In 2006 an article in the Journal of Substance Abuse Treatment discussed the barriers that people reported when it came to getting and seeking treatment. While some of the had to do with not having the money or time, a lot of them had to do with some of the notions people had about treatment in general. With an opioid epidemic in our country as well as around 10% of the people in this country suffering unnecessarily with a very treatable disease, I wanted to take some time to address those barriers, what we are doing to help people overcome them as well as what people with addiction issues and their loved ones can do on their own to help.
1. “I don’t have a problem,” or “I can do this on my own.”- As your reading this it’s hard for me to say if you have a problem or not. I don’t know you personally, unless your one of the amazing people I get to work with who’s reading this. In that case I hope you already figured out your own answer to this. What I can tell you is that it doesn’t take long to come in and sit down with a licensed addiction professional and do an assessment to tell whether or not you might benefit from help.
In terms of being able to do it on your own, you need to ask yourself if you’ve been successful quitting on your own in the past. The majority of people who have issues with addiction have tried multiple times on their own to stop the use of drugs and alcohol on their own and have been unsuccessful. Why? Because the problem of addiction is a unique problem that often requires unique solutions, or at the very least solutions that generally aren’t used to solve other problems. Often I see people who are quite successful in life who get extremely frustrated because the solutions they use to solve and deal with other areas of their lives, don’t work for addiction. I have worked with CEO’s of corporations, professional athletes, people who manage multi-million dollar sales accounts and who are in charge of hundreds, if not thousands of people. By every measure of success, they are the people you might go to to seek advice, and yet when it comes to dealing with addiction, even they needed help. If they can do it, so can you.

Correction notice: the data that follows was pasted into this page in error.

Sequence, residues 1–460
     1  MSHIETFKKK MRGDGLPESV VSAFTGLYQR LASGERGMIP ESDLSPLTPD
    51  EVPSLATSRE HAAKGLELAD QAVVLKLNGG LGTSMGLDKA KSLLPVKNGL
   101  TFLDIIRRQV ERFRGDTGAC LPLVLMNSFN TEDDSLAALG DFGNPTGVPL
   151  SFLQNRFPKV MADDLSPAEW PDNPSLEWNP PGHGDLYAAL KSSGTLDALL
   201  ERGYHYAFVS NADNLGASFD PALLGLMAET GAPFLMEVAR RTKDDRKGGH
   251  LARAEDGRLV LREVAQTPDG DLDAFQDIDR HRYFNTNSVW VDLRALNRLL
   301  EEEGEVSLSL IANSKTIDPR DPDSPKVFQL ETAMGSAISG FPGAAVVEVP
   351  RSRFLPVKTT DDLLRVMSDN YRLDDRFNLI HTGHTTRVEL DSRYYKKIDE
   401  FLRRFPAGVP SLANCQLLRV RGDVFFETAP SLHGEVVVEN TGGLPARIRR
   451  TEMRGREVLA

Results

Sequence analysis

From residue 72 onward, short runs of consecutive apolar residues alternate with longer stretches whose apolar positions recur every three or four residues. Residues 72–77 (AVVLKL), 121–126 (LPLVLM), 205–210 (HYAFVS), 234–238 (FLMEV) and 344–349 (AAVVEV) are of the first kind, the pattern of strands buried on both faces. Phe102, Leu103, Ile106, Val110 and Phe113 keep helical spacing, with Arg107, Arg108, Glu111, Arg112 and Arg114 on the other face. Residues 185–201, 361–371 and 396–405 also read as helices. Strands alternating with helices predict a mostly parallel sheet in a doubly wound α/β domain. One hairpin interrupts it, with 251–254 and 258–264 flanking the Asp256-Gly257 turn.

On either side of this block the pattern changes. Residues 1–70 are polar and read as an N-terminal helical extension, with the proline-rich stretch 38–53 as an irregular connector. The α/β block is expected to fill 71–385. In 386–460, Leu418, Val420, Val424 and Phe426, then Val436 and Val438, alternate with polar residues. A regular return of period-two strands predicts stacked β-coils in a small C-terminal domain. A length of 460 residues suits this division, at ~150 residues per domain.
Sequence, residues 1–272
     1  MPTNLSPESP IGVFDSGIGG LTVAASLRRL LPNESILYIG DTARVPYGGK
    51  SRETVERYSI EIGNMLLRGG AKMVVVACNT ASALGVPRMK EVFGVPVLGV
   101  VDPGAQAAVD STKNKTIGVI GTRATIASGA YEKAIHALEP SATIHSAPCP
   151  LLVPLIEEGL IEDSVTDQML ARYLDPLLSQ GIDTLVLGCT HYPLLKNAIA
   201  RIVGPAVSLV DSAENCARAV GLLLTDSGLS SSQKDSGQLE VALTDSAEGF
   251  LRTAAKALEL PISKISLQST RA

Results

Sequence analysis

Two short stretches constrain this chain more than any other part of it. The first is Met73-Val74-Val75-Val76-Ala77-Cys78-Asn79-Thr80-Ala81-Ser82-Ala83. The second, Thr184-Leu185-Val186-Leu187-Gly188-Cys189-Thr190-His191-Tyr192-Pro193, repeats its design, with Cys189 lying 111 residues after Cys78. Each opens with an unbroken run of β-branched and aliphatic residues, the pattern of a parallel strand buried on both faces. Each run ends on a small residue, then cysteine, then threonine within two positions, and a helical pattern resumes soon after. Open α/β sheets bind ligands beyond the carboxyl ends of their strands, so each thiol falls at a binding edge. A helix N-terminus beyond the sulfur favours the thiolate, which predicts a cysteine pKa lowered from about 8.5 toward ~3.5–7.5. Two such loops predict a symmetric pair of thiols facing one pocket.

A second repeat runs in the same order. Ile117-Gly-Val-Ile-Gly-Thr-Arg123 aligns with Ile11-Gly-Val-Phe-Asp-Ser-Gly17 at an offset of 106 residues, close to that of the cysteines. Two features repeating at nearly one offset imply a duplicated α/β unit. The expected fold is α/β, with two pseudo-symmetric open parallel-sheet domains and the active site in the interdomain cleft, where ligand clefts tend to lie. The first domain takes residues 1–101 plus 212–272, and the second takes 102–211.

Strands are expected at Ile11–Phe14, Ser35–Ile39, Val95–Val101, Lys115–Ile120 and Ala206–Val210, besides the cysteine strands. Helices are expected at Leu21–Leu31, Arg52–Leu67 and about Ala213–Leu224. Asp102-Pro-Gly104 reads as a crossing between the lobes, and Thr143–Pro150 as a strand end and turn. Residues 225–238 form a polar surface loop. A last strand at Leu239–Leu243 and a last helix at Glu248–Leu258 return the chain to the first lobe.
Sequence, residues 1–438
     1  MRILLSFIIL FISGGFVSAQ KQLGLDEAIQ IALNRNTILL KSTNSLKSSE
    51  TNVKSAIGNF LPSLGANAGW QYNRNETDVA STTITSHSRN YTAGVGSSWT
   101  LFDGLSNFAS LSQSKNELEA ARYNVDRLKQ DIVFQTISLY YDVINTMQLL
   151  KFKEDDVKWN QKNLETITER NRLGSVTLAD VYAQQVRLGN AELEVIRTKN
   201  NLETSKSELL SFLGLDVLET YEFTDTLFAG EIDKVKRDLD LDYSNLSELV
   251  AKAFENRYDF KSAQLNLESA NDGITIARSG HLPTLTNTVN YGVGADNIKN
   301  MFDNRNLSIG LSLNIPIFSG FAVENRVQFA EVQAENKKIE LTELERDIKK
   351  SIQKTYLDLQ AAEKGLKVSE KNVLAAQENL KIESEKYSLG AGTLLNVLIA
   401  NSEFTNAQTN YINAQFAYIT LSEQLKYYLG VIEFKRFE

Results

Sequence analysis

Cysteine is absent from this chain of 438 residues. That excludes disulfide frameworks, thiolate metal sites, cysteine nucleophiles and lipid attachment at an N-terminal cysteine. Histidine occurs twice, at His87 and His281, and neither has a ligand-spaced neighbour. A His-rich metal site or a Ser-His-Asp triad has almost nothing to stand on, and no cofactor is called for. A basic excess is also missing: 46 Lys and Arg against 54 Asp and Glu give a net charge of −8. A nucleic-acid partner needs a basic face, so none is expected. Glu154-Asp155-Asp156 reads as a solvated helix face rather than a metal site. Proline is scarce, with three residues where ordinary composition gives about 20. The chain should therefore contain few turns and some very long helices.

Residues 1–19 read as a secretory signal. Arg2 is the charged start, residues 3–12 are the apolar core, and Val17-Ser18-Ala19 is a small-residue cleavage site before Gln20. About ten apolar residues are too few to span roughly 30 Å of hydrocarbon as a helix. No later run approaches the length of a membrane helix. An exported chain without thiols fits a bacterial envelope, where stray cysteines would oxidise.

Here’s the ultimate, sad irony. The number one barrier, or reason people stated they didn’t want to seek treatment was because they believed they could do it on their own. The number one reason people thought they might need treatment was because they couldn’t do it on their own.
2. People will think badly of me if I go into treatment- The stigma of addiction still exists. If I could name the single most important reason, why after the better part of a decade I continue to work in a field with a burn out rate comparable to the bomb squad and air traffic controllers, when I could be doing something else with less stress and more pay, it would be because people need help. I love helping people with addiction. I am one of them, and I HATE the stigma that comes with having a disease.
Let’s set aside for a moment what others might think of you and ask yourself what you think of you. If your afraid of what your family might think, ask yourself what they are going to think if you die. Is the temporary uncomfortability of telling people close to you that you need help worse than the pain you’ll cause them if they have to plan your funeral?!
Also, who says they have to know right now. I will almost never advocate keeping your addiction secret from people who care about you. I have heard countless times when people in treatment say things like “I can’t tell my wife/husband/girlfriend/boyfriend/partner”, or whatever. They have this idea that somehow they’ll leave them. Here’s the truth. Haven’t seen it happen. Will they be mad you were lying to them. Yes. Suck it up. This person has been with you through all of it, even if they didn’t know exactly what was causing you all the distress. And here’s the great thing about us counselor types; we’ll work with you on how to have that conversation. Hell, I’ll sit in the room with you while you do it. You better tell them ahead of time why they are coming in, cause I am in no way going to sit there and be party to your loved one feeling ambushed, but I will help have the conversation about addiction and how treatment helps.